So-called soft skills are ‘personal attributes that enable someone to interact effectively and harmoniously with other people’. They’re the non-academic non-technical skills, the attributes and attitude that can influence how successful you are in all elements of life. However, they’re especially important in the world of work.
Right now, you might have lots of soft skills that your DofE has helped or is helping you develop, without even realising it. For example, teamwork, initiative, communication, commitment and problem solving. UK employers highly value candidates who are able to demonstrate that they have these skills which make them ‘work-ready’ – with 95% considering soft skills to be just as important as academic achievements. So, even if you have limited work experience, highlighting on your CV or application forms or during interviews that you’re motivated to work hard and have the ability to get on well with other people will put you one step ahead.
Each section of your DofE nurtures a different mixture of soft skills. For instance, to complete your Expedition section you need to work in a team but also be self-sufficient and organised, while in your Volunteering section you need to be reliable and compassionate with others. To improve your chances of getting a new job and thriving in your career, we’ve set out six easy steps you can follow to help identify which of these soft skills, along with other aspects of your DofE journey, will be most impressive to employers and university and college tutors:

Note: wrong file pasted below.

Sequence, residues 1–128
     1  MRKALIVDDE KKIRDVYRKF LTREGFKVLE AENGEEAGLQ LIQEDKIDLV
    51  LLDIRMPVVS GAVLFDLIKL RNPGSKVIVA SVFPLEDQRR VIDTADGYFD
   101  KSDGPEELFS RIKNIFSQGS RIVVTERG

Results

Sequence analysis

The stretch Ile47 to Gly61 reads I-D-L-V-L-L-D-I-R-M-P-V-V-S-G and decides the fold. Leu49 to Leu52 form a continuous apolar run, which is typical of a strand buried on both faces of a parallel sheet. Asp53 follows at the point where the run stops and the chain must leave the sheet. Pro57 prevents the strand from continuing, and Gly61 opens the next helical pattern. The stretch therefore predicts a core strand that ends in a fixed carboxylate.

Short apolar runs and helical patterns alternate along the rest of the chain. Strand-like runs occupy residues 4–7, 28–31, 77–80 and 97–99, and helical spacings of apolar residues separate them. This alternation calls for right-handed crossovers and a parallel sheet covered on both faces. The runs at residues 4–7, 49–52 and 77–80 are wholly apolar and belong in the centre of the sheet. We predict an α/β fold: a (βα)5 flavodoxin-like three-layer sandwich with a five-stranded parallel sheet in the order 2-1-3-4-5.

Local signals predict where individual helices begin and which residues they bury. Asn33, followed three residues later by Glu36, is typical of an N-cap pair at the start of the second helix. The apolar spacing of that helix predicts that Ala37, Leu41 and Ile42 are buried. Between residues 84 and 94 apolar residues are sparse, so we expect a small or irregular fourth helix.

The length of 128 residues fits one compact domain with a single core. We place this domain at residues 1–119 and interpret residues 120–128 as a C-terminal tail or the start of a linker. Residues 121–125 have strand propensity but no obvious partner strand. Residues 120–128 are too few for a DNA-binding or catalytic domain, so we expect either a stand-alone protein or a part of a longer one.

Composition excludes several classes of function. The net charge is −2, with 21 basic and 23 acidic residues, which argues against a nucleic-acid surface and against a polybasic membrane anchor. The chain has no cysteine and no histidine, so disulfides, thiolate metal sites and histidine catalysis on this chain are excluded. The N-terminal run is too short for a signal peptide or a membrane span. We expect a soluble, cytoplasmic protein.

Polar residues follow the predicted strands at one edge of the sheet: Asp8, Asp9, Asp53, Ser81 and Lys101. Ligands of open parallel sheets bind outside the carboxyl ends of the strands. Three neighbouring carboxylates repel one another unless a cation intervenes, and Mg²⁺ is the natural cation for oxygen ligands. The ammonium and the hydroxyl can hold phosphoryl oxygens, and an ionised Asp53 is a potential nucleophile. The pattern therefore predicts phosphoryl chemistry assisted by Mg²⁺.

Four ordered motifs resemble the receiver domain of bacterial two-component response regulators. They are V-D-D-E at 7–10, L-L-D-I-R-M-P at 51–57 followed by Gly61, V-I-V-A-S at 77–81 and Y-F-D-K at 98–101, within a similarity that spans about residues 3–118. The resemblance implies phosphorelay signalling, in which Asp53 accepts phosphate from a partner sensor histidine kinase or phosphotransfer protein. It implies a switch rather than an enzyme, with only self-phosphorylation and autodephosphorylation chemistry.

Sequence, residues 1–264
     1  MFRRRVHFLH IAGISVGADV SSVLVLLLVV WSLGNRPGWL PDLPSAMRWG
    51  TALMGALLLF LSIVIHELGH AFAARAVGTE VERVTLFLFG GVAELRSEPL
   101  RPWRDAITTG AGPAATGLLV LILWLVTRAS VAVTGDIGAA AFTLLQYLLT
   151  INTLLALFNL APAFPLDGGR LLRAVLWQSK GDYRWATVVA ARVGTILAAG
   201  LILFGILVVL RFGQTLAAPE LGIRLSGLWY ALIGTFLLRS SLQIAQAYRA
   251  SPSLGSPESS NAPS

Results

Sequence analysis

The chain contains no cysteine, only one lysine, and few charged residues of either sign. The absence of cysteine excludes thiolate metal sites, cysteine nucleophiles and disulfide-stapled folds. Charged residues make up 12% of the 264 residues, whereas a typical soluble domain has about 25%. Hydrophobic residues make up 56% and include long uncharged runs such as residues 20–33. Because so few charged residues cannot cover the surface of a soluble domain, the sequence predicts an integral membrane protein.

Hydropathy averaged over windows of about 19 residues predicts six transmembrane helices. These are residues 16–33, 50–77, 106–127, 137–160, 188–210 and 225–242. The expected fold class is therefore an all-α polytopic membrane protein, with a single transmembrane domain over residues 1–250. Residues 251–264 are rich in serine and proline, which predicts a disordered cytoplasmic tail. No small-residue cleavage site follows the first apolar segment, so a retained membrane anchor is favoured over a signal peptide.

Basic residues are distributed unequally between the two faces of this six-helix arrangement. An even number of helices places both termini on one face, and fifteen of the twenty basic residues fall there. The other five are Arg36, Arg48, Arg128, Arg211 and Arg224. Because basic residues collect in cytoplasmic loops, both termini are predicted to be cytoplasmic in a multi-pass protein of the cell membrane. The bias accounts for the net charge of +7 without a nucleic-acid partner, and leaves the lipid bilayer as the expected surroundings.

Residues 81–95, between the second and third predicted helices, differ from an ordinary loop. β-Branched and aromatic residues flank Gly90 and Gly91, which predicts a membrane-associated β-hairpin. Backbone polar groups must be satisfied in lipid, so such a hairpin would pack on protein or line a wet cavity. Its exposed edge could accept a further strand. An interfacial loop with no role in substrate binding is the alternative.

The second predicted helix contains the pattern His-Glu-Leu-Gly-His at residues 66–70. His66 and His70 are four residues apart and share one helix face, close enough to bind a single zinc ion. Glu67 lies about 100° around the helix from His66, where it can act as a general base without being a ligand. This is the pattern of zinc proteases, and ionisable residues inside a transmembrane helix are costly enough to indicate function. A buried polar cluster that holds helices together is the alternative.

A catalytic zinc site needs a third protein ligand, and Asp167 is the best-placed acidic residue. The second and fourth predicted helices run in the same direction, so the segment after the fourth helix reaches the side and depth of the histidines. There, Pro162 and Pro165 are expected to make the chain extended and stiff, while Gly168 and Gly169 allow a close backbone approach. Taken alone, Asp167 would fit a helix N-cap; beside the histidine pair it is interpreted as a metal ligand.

1. Recognise – Take some time to think about all of the activities and events which have made up your DofE experience to date – perhaps write a list.
2. Reflect – Work through each of the points in your list and think about what you found most challenging, interesting or difficult and highlight experiences which were completely new to you. Consider how you used your skills to overcome a problem and influence a successful outcome.
3. Put yourself in your employer’s shoes – Think about what sort of soft skills and evidence your future employer, college or university might be looking for.
4. Match up your skills and experience – Match up your list of soft skills to the list of things you think your interviewer might be looking for as per the job description – not everything may be relevant.
5. Application and interview – As well as your list of achievements, think about what else an employer or tutor might be looking for from a CV or during an interview. Your written and verbal communication skills might be just as important as your past achievements.
6. Get help from other areas – Most people find it difficult to identify and talk about their own strengths and achievements. Get someone to help you go through this process. It doesn’t need to be someone with experience in career advice, just someone who can offer honest and objective feedback (e.g. friend, parent, teacher or your DofE Leader).
Don’t forget – you can also go Beyond the CV to help you with writing a CV and cover letter, preparing for interviews, discovering job opportunities at leading businesses and much more.